Eric de Haven is a freelance combustion artist currently working at Money Shots in Santa Monica. He has broad industry experience having worked in production for 10 years on numerous film, commercial and music video projects. Recent projects include music videos for Pink, Madonna, Jay-Z, Jewel and the film "Cats and Dogs".
Marshal Fontaine is a combustion specialist for Discreet. Recently relocated to the Santa Monica office, he spent several years in New York City both as a combustion specialist and a visual effects professional. Marshal completed his education at the Florida School of the Arts and the NY School of Visual Arts, and counts numerous high-profile client credits in his freelance and full-time career including Chase Bank, Tommy Hilfiger, Bloomingdales, US West, NASDAQ, Nike, the NHL, the NBA, B. Dalton, Barnes & Noble, and the Sports Illustrated Swimsuit Edition video.
Paul Saccone from Apple was next up to give us the "world's fastest DVD authoring tutorial" via Apple's iDVD 2 software. iDVD 2 comes free with any Apple computer that includes a Superdrive. Apple also offers a professional DVD authoring application called DVD Studio Pro that includes many more features.
Paul's demo focused on taking two cuts from Apple's Final Cut Pro and creating a DVD to show a client. Paul exported the DV clips by creating a Quicktime move that contained pointers to the original clips on his drive - so it was really quick.
Paul explained that MPEG 2 compression is required for the DVD, this is handled automatically by the software. He then imported the clips into iDVD 2 and set backgrounds, poster frames, titles, fonts, etc. He showed up how you can drag a Photoshop file onto the screen to create your own background.
As Paul burned the DVD he took a number of questions from the audience:
Q: Will the DVD play in any player?
A: Some of the older players might have problems, but newer machines don't.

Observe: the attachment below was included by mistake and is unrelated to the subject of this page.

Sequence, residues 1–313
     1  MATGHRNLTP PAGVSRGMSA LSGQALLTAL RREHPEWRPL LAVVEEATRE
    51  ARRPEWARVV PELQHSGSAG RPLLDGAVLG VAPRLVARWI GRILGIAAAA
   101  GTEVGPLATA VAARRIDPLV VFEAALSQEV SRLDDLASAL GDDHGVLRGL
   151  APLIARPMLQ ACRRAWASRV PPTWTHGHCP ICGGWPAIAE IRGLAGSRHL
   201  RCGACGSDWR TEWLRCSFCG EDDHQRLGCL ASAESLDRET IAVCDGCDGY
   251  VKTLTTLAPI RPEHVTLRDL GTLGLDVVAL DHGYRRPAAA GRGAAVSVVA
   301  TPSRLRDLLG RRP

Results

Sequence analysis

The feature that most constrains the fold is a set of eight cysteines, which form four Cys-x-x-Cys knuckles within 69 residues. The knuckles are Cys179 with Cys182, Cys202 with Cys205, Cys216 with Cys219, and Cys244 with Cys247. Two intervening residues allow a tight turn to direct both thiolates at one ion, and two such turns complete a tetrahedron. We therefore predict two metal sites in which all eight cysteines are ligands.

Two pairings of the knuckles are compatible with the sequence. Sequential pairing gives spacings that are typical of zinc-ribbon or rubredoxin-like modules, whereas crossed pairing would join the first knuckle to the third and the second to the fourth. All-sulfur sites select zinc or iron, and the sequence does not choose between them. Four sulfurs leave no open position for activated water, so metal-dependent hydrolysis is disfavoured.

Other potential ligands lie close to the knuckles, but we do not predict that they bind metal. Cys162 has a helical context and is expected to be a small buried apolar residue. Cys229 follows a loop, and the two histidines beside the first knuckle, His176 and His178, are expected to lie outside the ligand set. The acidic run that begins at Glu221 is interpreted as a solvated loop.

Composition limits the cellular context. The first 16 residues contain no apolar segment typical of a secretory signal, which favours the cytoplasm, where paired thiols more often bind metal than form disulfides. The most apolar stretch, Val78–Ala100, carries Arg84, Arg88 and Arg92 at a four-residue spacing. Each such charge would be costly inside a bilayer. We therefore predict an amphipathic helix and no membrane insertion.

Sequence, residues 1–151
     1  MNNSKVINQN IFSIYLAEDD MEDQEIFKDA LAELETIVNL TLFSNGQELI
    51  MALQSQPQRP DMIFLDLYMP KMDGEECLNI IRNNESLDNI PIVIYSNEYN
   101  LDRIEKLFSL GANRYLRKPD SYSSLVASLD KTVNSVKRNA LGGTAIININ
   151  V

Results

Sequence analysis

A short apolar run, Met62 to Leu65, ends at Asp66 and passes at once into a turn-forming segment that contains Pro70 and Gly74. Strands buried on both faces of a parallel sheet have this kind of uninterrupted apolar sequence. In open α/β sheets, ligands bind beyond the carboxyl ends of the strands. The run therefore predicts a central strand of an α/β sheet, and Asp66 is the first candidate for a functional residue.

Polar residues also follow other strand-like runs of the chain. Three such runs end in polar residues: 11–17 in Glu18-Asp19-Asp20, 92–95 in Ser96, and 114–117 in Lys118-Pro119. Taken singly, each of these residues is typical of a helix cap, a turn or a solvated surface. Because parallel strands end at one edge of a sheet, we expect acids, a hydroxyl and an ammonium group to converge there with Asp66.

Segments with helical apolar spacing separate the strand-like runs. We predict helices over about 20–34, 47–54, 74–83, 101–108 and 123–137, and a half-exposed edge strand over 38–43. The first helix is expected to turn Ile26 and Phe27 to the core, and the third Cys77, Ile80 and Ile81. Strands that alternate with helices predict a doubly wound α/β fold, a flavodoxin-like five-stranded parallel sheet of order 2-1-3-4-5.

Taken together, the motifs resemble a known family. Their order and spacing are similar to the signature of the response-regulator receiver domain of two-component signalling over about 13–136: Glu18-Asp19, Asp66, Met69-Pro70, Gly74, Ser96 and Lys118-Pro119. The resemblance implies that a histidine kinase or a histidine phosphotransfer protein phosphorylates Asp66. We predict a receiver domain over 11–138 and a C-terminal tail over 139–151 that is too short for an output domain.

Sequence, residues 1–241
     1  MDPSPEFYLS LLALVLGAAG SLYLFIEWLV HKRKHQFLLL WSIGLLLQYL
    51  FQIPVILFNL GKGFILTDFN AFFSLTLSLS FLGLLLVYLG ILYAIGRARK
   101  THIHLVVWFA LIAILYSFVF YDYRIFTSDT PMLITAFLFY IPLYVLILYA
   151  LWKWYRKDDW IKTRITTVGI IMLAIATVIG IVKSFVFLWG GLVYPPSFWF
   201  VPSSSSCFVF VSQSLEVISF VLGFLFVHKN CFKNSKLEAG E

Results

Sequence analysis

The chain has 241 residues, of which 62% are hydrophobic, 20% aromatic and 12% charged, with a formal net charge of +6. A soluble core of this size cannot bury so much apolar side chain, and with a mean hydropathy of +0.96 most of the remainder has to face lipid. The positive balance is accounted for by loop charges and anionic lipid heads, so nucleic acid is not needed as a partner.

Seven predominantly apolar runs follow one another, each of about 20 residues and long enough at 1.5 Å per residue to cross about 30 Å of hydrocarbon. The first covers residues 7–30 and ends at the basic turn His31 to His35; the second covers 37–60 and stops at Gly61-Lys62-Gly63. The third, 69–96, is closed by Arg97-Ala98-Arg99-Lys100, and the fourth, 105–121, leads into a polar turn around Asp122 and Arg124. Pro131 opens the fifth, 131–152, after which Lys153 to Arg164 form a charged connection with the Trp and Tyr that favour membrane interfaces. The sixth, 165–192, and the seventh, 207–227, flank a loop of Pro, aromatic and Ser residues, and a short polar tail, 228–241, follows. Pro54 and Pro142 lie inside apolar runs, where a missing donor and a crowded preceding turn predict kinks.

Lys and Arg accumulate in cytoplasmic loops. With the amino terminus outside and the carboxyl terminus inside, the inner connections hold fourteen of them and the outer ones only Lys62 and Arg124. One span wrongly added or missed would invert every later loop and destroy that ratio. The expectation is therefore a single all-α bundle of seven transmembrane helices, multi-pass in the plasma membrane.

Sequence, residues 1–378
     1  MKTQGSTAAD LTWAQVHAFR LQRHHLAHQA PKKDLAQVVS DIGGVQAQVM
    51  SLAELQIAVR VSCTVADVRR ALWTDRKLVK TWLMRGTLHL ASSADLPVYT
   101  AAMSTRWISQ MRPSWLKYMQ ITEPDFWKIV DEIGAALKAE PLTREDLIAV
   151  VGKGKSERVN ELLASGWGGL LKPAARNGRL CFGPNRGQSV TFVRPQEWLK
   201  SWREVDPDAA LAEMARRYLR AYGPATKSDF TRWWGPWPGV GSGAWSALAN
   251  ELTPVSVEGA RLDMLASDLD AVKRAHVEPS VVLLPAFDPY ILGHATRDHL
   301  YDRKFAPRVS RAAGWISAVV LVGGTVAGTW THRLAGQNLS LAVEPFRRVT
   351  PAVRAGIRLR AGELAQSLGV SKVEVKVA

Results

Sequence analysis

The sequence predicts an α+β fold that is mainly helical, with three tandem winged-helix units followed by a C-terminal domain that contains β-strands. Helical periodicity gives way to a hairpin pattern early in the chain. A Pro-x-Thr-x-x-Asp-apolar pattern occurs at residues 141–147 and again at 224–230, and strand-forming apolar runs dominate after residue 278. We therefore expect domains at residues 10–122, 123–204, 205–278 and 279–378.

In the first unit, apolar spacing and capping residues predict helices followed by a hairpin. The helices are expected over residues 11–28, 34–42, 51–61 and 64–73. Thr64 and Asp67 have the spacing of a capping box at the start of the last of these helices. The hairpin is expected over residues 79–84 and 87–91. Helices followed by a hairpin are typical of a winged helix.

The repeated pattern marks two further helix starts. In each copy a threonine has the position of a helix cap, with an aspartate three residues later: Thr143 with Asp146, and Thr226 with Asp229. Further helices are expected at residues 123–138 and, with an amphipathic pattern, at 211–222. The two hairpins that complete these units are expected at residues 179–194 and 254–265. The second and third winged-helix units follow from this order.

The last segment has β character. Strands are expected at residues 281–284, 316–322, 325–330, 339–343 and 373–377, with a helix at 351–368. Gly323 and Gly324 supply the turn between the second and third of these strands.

Q: What are your bit rate options?
A: iDVD 2 is a fixed system, DVD Studio Pro is more flexible.
Q: Does it matter if you're working
with uncompressed video?
A: Not really, it all gets converted into MPEG 2 anyway.
Q: Does is save the encoded file
so you can easily make more?
A: If you do one right afterward, yes, but it is not saved to hard disc to burn copies from later.
Q: Can you loop stuff, for say
A: With Pro, yes, but with iDVD 2 you could set a QT movie as a background and it would loop.
Q: Can we create our own buttons
and chapter stops?
A: With Pro, yes. But not with iDVD 2.
Q: Does iDVD 2 support external
A: No, but Pro does.
Paul finished by noting that the latest version of iDVD runs under OSX only. And that Pro allows copy protection and multi-region options while iDVD does not. Here then burned the DVD, and played it back.
During the break, members tracked down Discreet's presenters in the lobby for more one-on-one questions; ProMax also had a table set up. As long as we're thanking sponsors, we should note the ProMax donated the computer, DVCAM deck, and wireless mics both MGLA and LAFCPUG use at their meetings - thank you.
Dan Warvi - Fox Family DVD creation
MGLA co-host Dan Warvi was up next to show how he helped create an in-house DVD when he was with Fox Family. The project was undertaken when Fox Family was purchased by Disney. Their department made a DVD as a way of explaining to the new management what the department was capable of producing. They worked with 342 Media to create the DVD. Representatives from 342 were supposed to take part in the presentation, explaining the technical aspects of the process, but unfortunately they were unable to attend at the last minute. Dan told us that he designed the DVD, which had to match the on-air look. Fortunately, he was able to get the layered Photoshop files and did all the design in Photoshop.
Once everyone signed off on the menus, etc. they did all the prep in Adobe After Effects and then lay off to tape with slates, etc. 342 then created the DVD itself from the tape.
Dan needed to make a 10-sec looping background and used a 44k SWF file created via Flash. He then came across the fact that you have to make both a 24bit and an 8 bit file. This is for making menus. The 24bit is all the RBG info. The 8-bit is the keying information. The keying is generated via Red, Blue, White and Black.
As if Dan needed more frustration after dealing with sudden no-show presenters, he worked through some technical glitches and was able to show us the final DVD which included tours of the studio and more. Lastly, Dan admitted that, while they were all happy with the final DVD, it didn't matter much as Disney shut down the entire department anyway.
Guest Studio Klasky Csupo